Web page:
Sunday, July 29, 2012

Do You Need To Hear Something Positive Today?

One of my great concerns about us as a people of God, as a Church, as followers of Jesus, is that we are so leader oriented. I wouldn't say that we worship our pastors and worship leaders but there is a bit of the world in our attitude. The world likes to elevate people to a demi-god position. Look at what we do to actors. So George Clooney can act, does that make his political opinion more important than yours? So Oprah Winfrey is a good interviewer, does that mean she knows what she is talking about spiritually? We do this to people who are no better than us, lifting them up, making them famous and important, and then treating their opinion as if it is based on some kind of special insight or wisdom. Part of this creeps into the Church.

We are looking for heroes, people we can follow, people we can quote, people we can trust and believe in but we do it for all the wrong reasons. In the Church there is no one more important than anyone else but there is respect. We respect those who are called into positions of leadership. We respect them because it is a difficult place to serve, not because they are better than anyone else. There are all kinds of callings and positions and they are all important to make the body function. We respect those who are called as the servants of the Body because it is a right thing to do, because the Bible tells us to, which means it is what God asks. But don't get it wrong.

We get it wrong when we start losing sight of the purpose and we start making the person more important than who we are in Jesus. We get it wrong when we see one person's calling of greater significance than our own or of someone else's. What is important is our purpose, the mission we were given. What is important is the Head of the Body and what he directs us to do, everyone of us, so we can work together to see the body function as it should.

There are two incidents of this in the Bible that really stand out for me. The first is found in Numbers 11. Moses had brought 70 of Israel's elders together. He caused the Spirit of God to come on the elders and the elders prophesied. Yet there were two elders still in the camp, not with the others, and the Spirit came on them as well and they prophesied.

Joshua, who had been Moses' aid since he was young, took great exception to this. He felt it took glory away from Moses and he told Moses to stop them from doing it. Joshua was making Moses more important than this thing that God was doing. Thankfully Moses was a mature leader and refused such temptation from his admirer:

“Are you jealous for my sake? I wish that all the Lord’s people were prophets and that the Lord would put his Spirit on them!” (Numbers 11:29)

A leader called by God does not want to keep to himself the secrets or blessings of the Lord. He doesn't want his name to shine in lights. He doesn't want to be lifted higher than anyone else. He wants all of God's children to have what he has and to eat from the blessings he has received. We find this same scene played out with Jesus.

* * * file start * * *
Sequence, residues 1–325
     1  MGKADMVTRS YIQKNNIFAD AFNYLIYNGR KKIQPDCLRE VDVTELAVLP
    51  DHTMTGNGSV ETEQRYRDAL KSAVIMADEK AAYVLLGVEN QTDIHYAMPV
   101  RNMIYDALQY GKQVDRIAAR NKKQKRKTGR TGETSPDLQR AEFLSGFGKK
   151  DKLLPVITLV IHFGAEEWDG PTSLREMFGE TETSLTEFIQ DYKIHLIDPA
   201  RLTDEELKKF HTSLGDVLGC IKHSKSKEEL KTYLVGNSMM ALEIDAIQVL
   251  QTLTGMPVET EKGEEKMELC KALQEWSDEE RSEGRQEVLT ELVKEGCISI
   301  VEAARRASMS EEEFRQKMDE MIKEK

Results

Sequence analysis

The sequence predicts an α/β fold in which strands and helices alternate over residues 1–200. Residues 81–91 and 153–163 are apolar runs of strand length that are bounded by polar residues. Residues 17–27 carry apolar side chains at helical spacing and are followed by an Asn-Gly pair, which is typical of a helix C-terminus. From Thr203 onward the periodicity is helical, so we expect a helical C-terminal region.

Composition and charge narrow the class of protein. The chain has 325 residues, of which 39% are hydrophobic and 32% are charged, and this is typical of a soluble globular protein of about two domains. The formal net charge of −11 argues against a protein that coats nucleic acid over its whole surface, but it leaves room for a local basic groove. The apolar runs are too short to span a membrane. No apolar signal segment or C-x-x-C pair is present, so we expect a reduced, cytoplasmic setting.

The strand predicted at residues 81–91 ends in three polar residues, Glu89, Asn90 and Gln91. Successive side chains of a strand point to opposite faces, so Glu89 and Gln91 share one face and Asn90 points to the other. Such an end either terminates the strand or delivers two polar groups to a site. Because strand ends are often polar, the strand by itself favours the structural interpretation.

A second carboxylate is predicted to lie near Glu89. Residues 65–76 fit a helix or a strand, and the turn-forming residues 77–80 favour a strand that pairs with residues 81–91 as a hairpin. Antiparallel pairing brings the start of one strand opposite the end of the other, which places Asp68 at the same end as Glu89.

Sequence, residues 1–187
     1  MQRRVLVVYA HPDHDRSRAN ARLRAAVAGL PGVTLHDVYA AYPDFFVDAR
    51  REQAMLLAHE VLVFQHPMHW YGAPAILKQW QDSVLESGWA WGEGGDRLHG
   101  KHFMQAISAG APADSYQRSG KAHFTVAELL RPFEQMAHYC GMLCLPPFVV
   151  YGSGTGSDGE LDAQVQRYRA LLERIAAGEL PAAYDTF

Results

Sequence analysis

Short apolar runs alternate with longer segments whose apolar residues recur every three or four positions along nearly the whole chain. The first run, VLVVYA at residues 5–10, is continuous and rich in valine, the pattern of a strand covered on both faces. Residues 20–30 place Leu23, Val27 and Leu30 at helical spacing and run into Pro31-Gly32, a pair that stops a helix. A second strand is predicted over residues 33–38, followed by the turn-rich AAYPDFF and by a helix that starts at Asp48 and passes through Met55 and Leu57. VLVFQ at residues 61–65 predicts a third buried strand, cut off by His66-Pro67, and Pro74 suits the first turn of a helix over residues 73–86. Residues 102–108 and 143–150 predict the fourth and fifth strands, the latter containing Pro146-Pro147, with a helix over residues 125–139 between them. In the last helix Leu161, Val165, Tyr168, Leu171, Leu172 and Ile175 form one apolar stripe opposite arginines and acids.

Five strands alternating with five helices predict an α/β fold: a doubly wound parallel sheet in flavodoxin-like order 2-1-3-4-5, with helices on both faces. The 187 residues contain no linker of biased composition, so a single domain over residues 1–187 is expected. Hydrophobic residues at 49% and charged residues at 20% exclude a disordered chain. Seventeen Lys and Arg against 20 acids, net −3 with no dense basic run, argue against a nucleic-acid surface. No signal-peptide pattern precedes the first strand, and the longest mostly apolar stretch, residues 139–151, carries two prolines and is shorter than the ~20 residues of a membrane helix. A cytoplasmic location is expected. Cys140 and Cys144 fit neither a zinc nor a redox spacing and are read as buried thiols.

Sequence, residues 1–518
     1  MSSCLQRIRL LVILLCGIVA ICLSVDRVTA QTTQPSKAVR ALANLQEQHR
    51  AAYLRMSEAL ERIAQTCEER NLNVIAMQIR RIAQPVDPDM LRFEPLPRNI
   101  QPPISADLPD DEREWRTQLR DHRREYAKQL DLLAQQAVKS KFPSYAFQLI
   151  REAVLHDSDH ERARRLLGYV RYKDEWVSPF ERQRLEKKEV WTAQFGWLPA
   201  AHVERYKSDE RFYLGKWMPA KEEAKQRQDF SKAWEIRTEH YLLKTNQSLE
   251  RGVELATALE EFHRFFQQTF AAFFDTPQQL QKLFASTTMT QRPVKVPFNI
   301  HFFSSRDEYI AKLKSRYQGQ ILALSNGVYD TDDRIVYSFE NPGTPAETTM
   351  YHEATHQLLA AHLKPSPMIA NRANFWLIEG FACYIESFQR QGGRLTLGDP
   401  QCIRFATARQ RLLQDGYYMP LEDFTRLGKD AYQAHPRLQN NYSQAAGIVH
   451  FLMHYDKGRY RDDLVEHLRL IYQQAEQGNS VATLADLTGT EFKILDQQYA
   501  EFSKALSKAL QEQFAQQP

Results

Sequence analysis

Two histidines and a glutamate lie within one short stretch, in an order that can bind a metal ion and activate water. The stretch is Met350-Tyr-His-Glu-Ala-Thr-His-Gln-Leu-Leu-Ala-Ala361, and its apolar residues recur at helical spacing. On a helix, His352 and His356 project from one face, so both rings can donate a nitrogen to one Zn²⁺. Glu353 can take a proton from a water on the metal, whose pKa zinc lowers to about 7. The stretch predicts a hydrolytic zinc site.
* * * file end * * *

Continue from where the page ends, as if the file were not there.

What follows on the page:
In this case it was the disciples who wanted a sense of being a special class. They were privileged to be picked by Jesus and they wanted to preserve that for themselves. In a sense they wanted to be the elite, belonging to a priesthood, having the inside track, part of an inner circle. They had it all wrong. Jesus had only called them so he could train them to go out and train others, to train the entire world. But the disciples had seen someone casting out a demon in Jesus' name and they stopped him. They actually stopped him. How easily legalism creeps in. Jesus corrected them in the same manner as Moses:

“Do not stop him,” Jesus said. “No one who does a miracle in my name can in the next moment say anything bad about me, for whoever is not against us is for us. (Mark 9:39-40)

Later Apostle Paul would run into the same problem with the Corinthians. They were dividing themselves into who they were following, causing conflicts, not unlike the doctrinal fights of our day. Paul had to tell them that one leader was no more important than another and each had his place and purpose and the only one who mattered was Jesus.

We need to get our perspective back in order to be doing what we need to be doing. It is great that there are people like me who are called for a specific reason in the Body of Christ, but there are so many more callings that are equally important. It is great that we have people who are given the gift of preaching, teaching, writing, singing, playing music but we need all the gifts to shine not just a few. Where are those with the gifts of encouragement, prophesying, healing, wisdom, knowledge, miraculous powers? Why have we allowed these to fade while placing special honour on others?

My friend, we need you. We need you to stop living in the shadow of your brothers and sisters and to shine in your calling. We need you to grab hold of your gift. I said your gift, not someone else's. Grab hold of that thing and give it all you have to serve others with it. There is no elitism in the Church, no priesthood because we are all of the royal priesthood. As Paul wrote:

Now to each one the manifestation of the Spirit is given for the common good. (1 Corinthians 12:7)

This is much longer than I intended to write but I want you to understand, you are important to Jesus, to the Church and to me. Please, throw off any ideas you had on leadership as understood in the world and start to think with your spiritual mind, the mind of Jesus. Be who Jesus has called you to be, and shine for his glory. I need you.


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